For the artist, the use of symbol is similar. Art is a search for definition, through symbol and creative expression. The use of symbol in Jewish art reflects the need to represent the Jewish people, the Jewish collective soul, in a form that Jews can identify with and recognize as Jewish.
The kippah is then the ultimate Jewish symbol. It is an instantly recognizable symbol: of a relationship, to God and to fellow Jews, and of a set of values. This symbol constitutes a community. The kippah, or rather, what it symbolizes, seeks to define the Jew.
But is such definition possible? Both the issues of art and of the kippah, as the articles in this magazine reveal, have the same problem at their core: is the Jew or Jewish experience definable? Can it be symbolized?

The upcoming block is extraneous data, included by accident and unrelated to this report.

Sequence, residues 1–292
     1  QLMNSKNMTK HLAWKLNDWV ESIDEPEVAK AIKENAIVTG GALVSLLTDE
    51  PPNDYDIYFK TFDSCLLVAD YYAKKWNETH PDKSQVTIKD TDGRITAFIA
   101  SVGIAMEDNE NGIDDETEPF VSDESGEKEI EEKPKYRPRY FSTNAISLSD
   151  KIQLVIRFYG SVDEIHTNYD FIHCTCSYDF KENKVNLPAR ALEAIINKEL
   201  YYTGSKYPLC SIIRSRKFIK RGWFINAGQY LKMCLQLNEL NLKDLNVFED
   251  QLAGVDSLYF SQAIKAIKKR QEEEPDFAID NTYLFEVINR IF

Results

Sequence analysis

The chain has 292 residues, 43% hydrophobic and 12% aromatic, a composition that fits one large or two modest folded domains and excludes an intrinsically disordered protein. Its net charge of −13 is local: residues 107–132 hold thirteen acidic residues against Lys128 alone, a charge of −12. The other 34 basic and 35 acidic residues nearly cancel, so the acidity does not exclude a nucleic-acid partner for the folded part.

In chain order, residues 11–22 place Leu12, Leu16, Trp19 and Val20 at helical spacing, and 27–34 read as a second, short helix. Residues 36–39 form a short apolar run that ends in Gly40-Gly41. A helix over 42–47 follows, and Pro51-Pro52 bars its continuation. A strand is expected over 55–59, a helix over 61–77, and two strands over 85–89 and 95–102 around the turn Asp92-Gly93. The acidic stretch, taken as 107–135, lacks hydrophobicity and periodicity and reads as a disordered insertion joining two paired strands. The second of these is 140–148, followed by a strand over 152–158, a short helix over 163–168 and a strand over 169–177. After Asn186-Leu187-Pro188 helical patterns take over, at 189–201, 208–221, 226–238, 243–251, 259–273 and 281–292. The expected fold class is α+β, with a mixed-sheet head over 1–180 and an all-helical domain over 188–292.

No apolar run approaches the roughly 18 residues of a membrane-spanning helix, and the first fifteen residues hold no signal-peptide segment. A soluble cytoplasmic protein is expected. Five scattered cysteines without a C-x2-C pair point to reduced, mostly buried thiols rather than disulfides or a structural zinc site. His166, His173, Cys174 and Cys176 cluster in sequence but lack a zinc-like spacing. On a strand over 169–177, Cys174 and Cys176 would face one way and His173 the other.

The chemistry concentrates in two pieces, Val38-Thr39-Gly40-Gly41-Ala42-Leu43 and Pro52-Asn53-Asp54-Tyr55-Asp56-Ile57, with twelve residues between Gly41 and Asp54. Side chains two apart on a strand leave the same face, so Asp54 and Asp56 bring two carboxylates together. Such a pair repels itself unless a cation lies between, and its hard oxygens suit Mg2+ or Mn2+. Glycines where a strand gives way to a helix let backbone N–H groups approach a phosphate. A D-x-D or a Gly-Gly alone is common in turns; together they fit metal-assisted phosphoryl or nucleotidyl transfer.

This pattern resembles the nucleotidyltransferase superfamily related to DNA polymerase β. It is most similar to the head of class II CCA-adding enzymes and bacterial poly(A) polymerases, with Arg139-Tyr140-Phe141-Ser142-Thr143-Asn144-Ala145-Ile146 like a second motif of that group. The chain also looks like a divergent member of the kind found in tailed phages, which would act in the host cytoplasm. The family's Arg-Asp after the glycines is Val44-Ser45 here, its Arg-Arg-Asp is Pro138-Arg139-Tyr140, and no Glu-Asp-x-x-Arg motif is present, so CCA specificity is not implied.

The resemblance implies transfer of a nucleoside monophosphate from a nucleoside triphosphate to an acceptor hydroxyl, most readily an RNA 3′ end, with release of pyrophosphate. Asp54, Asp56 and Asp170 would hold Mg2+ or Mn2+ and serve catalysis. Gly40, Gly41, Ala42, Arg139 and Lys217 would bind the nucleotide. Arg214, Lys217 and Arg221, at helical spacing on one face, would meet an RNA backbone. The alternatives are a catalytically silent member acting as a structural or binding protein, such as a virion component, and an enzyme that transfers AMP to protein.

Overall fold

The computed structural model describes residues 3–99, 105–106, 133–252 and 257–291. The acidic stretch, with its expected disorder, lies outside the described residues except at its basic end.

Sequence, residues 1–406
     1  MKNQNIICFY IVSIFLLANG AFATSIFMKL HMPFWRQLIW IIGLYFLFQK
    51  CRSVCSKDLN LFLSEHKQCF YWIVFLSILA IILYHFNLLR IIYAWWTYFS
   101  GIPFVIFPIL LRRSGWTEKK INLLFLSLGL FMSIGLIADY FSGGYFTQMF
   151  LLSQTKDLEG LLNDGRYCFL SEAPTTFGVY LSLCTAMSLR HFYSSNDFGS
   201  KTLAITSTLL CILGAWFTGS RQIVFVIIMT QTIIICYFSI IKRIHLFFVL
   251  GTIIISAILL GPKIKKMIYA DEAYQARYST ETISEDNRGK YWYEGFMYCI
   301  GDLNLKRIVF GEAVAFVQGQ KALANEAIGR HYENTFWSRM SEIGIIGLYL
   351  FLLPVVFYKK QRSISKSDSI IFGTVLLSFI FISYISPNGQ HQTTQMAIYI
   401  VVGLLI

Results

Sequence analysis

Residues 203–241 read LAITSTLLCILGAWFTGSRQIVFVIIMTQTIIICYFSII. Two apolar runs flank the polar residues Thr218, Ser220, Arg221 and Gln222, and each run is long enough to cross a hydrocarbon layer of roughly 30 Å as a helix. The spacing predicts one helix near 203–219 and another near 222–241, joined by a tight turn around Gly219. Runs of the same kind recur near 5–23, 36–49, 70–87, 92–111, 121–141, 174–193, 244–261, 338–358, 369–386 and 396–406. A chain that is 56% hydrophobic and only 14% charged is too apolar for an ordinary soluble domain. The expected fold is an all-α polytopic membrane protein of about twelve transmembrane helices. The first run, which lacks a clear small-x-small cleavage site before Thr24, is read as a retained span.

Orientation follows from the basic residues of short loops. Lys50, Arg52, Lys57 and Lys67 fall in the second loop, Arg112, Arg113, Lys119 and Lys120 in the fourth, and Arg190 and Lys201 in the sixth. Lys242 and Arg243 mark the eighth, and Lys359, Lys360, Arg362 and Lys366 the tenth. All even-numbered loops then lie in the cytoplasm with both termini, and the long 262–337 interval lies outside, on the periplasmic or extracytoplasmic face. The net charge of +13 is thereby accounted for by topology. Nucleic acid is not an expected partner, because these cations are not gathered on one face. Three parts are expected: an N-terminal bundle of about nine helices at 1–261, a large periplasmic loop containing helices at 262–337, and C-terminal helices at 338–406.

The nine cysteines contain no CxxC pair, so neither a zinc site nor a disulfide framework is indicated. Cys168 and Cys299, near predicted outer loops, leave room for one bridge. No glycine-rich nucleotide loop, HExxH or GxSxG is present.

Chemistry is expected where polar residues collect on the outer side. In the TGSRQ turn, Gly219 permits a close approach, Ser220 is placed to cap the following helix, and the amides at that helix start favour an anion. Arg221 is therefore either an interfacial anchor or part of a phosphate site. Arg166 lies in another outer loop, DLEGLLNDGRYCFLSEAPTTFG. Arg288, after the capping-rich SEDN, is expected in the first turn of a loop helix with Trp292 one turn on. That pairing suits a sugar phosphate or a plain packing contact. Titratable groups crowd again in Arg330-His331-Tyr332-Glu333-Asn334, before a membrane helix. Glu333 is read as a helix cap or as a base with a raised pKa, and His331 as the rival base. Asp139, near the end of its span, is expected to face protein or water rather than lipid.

Defining Judaism is only possible if we believe that there is such thing as a collective Jewish soul, that there is some underlying principle to Jewish experience that distinguishes it. This leads to another issue discussed in this magazine - that of Jewish pluralism. The implication that there is no shared way to be Jewish renders the Jewish experience indescribable.
As illustrated herein, each Jew as an individual tries to define himself in a different way. Whether all ways are equally valid, however, is left unsettled. It is the shared symbols that establish a community, not merely the sum of individual definitions.
-- Rebecca Phillips